The Reserve Bank of India (RBI) is expected to hold its policy interest rate steady at its quarterly review tomorrow, maintaining its pressure on the government to reduce a ballooning fiscal deficit and take steps to remove bottlenecks that are driving up food prices.
Although bankers expect RBI to cut the Cash Reserve Ratio (CRR) by up to 0.50 percent, it would not be possible for the central bank to heed to India Inc’s call for a rate cut, as inflation at over 7 percent is much above its comfort level.
Complicating the picture further is weaker-than-average monsoon rains, which are pushing up food prices and adding to inflation.
Moreover, the RBI comment that there is no trade off between growth and inflation in the medium term clearly signals the centrality of inflation in the Central Bank’s policy stance.
“Given that the government has not taken any concrete steps to address the supply side issues, or the fiscal pressures, the central bank is unlikely to ease rates at this moment,” Shubhada Rao, chief economist at Yes Bank told Reuters.
In an interview to CNBC-TV18, Taimur Baig, chief economist, India, global markets research, Deutsche Bank said while he doesn’t expect any rate action tomorrow, RBI’s commentary on the guidance for the quarter and the year ahead will be important.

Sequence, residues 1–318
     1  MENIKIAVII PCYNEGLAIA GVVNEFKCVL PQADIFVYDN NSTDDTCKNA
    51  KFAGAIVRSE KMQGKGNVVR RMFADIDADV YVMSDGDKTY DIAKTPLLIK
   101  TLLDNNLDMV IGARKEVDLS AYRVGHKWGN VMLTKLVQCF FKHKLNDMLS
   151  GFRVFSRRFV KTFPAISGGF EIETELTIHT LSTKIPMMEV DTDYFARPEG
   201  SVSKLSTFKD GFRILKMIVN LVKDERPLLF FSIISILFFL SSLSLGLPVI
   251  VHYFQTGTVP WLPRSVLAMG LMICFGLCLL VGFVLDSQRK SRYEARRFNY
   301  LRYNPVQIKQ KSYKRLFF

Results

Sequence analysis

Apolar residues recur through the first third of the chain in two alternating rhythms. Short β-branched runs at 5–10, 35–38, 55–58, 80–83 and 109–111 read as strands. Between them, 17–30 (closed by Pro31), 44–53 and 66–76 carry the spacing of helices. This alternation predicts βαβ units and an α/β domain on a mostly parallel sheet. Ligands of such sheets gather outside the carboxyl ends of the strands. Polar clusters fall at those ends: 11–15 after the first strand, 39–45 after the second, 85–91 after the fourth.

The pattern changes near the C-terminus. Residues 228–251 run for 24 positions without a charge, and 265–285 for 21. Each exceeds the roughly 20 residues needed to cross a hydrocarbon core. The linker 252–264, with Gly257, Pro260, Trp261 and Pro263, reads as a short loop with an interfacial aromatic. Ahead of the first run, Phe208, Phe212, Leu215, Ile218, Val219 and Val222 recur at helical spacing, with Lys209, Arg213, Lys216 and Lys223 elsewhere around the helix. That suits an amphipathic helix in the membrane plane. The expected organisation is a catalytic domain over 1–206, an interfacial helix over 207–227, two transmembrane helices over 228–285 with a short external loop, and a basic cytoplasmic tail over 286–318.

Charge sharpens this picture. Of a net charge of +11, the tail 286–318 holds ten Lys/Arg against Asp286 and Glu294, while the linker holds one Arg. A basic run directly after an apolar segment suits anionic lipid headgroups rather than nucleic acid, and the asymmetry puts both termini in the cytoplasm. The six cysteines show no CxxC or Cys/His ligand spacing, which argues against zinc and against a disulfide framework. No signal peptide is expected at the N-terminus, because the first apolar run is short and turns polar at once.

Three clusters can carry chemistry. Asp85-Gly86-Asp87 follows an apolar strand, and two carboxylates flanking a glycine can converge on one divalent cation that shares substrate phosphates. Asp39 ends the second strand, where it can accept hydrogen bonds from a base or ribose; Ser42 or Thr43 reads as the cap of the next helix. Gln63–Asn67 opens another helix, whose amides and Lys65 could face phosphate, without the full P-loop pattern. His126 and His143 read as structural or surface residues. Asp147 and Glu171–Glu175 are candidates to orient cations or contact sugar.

Even ICICI Bank research doesn’t think RBI will follow its emerging market counterparts in cutting interest rates given an assessment of inflation trajectory. “Meanwhile, the Central Bank is likely to revise down the FY2013 growth projection from 7.3 percent YoY,” it said today.
But some economists and brokerages still expect the RBI to cut rates to support sagging growth.
In the forthcoming quarterly monetary policy review, RBI should reduce repo rate by 25bps as the demand-led (or core) inflation has already eased substantially, the economic slowdown is deepening as shown by GDP data, IIP numbers, rising NPA cycle etc, and the global economic downturn is spreading, suggesting lower commodity prices and downside risks to India’s growth, said Edelweiss Research in a note today.
But given that RBI has shifted its focus from core to headline inflation of late (where upside risk exists due to poor monsoon), there is a likelihood that the central bank may resist further easing this time, Edelweiss added.
According to Raamdeo Agrawal, Joint MD , Motilal Oswal Financial Services, RBI may respond by releasing more liquidity by CRR or 0.25 percent cut, but expectations are very low. Agrawal said it is difficult to predict RBI’s move this team because the global markets too are challenging. Oil is above $107, there is no policy action from the government and the investment pipeline too is weak.
“We expect a 50 basis point reduction in CRR to ease money supply. Also a CRR cut will have a cooling effect on the interest rates for customers apart from better effect on monetary transmission than a repo cut,” State Bank of India Chairman Pratip Chaudhuri said.